1 user matched
User login: jdoe
First name: John
Last name: Doe
Home directory: /home/jdoe
Login shell: /bin/sh
Email address: /2IwcmtlZA==
UID: 526
GID: 526
Account disabled: False
Password: False
Kerberos keys available: False
Number of entries returned 1

$ ipa user-mod jdoe --addattr mail=j...@example.com
ipa: ERROR: an internal error has occurred

The internal error is:
Traceback (most recent call last):
File "/usr/lib/python2.7/site-packages/ipaserver/rpcserver.py", line
302, in wsgi_execute
result = self.Command[name](*args, **options)
File "/usr/lib/python2.7/site-packages/ipalib/frontend.py", line 438, in
ret = self.run(*args, **options)
File "/usr/lib/python2.7/site-packages/ipalib/frontend.py", line 696, in
return self.execute(*args, **options)
File "/usr/lib/python2.7/site-packages/ipalib/plugins/baseldap.py", line
1217, in execute
ldap, dn, entry_attrs, attrs_list, *keys, **options
File "/usr/lib/python2.7/site-packages/ipalib/plugins/user.py", line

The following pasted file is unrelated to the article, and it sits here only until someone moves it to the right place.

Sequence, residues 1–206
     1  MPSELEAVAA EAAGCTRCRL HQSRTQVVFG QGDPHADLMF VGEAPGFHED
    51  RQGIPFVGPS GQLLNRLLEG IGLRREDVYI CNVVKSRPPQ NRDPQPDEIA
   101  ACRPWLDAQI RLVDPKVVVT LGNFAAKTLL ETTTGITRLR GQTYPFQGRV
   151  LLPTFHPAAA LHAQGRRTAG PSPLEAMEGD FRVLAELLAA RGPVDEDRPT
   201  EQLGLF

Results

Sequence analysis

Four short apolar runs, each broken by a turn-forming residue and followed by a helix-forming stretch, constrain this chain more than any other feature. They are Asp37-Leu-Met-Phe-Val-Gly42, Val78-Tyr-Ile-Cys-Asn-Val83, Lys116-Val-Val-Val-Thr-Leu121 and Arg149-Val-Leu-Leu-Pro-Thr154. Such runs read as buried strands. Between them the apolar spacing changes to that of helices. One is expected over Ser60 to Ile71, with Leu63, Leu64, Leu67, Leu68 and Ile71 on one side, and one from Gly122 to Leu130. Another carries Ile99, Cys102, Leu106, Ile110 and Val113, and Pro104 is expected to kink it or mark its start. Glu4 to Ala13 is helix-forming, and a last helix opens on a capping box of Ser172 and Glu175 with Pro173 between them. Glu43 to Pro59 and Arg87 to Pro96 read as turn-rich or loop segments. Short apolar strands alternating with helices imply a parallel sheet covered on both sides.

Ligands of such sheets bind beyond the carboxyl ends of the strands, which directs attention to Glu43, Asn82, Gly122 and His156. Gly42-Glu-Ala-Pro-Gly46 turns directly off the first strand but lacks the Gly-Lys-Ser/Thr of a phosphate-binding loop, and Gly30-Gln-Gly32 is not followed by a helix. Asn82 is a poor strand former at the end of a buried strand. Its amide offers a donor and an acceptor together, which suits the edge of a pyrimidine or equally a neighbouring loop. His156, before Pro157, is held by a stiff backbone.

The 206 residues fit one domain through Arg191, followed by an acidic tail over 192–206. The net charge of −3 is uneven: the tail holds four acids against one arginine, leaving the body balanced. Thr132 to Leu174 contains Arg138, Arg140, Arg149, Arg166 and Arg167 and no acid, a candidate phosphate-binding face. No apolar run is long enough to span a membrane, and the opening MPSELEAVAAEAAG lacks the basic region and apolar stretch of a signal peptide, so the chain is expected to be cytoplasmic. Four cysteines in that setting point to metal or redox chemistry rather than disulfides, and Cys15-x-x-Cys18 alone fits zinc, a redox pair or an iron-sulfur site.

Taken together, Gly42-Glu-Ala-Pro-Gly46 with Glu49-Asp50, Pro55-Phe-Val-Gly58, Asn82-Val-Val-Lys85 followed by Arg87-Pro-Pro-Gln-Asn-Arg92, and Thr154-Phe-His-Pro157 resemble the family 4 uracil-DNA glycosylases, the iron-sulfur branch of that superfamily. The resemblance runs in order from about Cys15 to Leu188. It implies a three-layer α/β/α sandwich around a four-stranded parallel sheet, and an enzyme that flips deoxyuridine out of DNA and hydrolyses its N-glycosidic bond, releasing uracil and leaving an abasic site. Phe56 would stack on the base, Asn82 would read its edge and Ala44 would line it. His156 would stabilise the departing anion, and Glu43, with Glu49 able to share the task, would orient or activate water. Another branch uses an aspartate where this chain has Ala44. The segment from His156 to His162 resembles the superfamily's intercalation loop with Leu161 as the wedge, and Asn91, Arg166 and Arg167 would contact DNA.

532, in pre_callback
entry_attrs['mail'] = self.obj._normalize_email(entry_attrs['mail'])
File "/usr/lib/python2.7/site-packages/ipalib/plugins/user.py", line
338, in _normalize_email
norm_email.append(m + u'@' + config['ipadefaultemaildomain'][0])
UnicodeDecodeError: 'utf8' codec can't decode byte 0xff in position 0:
invalid start byte

$ ipa user-mod jdoe --delattr mail=/2IwcmtlZA==
ipa: ERROR: mail does not contain '/2IwcmtlZA=='

$ ipa user-mod jdoe --delattr mail=`echo 'ff 62 30 72 6b 65 64' | xxd -p
ipa: ERROR: UnicodeDecodeError: 'utf8' codec can't decode byte 0xff in
position 5: invalid start byte
Traceback (most recent call last):